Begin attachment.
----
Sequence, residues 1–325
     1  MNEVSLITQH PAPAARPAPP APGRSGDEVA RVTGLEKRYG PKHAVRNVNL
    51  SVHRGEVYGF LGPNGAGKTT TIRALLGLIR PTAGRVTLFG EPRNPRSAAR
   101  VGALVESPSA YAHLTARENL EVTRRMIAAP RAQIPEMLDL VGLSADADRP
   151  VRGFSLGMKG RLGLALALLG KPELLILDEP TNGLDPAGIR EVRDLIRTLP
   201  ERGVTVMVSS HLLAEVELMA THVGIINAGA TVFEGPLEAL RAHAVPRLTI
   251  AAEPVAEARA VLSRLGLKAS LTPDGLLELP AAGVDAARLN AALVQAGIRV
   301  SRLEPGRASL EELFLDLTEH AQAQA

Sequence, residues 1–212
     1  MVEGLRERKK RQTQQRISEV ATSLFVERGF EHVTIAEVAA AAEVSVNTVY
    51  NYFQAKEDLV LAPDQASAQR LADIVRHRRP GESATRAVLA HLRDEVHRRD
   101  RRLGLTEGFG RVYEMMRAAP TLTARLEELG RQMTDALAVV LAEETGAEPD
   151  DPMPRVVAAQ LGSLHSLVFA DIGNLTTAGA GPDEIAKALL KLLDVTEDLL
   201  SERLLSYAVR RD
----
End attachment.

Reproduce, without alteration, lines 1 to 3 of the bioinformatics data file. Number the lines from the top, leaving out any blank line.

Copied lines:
Sequence, residues 1–325
     1  MNEVSLITQH PAPAARPAPP APGRSGDEVA RVTGLEKRYG PKHAVRNVNL
    51  SVHRGEVYGF LGPNGAGKTT TIRALLGLIR PTAGRVTLFG EPRNPRSAAR